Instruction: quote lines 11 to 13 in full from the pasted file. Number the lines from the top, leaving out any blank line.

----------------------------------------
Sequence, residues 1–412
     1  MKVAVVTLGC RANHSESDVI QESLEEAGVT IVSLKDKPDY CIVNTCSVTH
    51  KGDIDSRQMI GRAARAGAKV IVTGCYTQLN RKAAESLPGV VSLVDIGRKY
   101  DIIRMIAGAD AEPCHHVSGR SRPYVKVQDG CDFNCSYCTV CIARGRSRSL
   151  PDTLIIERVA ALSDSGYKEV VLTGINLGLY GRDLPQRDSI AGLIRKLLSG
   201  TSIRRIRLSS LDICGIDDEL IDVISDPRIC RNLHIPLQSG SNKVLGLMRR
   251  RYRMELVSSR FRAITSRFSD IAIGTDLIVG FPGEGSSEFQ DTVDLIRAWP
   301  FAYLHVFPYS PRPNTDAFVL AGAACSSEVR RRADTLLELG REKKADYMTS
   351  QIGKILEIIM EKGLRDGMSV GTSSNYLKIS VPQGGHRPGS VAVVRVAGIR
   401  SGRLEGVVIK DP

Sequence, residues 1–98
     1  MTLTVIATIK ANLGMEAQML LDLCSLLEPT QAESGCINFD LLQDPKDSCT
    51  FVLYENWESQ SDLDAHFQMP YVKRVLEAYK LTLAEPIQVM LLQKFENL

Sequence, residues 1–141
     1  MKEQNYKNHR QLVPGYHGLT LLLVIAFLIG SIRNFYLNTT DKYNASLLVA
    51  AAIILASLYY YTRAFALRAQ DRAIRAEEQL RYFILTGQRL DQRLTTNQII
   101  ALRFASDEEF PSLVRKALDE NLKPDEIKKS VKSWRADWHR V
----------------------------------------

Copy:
Sequence, residues 1–98
     1  MTLTVIATIK ANLGMEAQML LDLCSLLEPT QAESGCINFD LLQDPKDSCT
    51  FVLYENWESQ SDLDAHFQMP YVKRVLEAYK LTLAEPIQVM LLQKFENL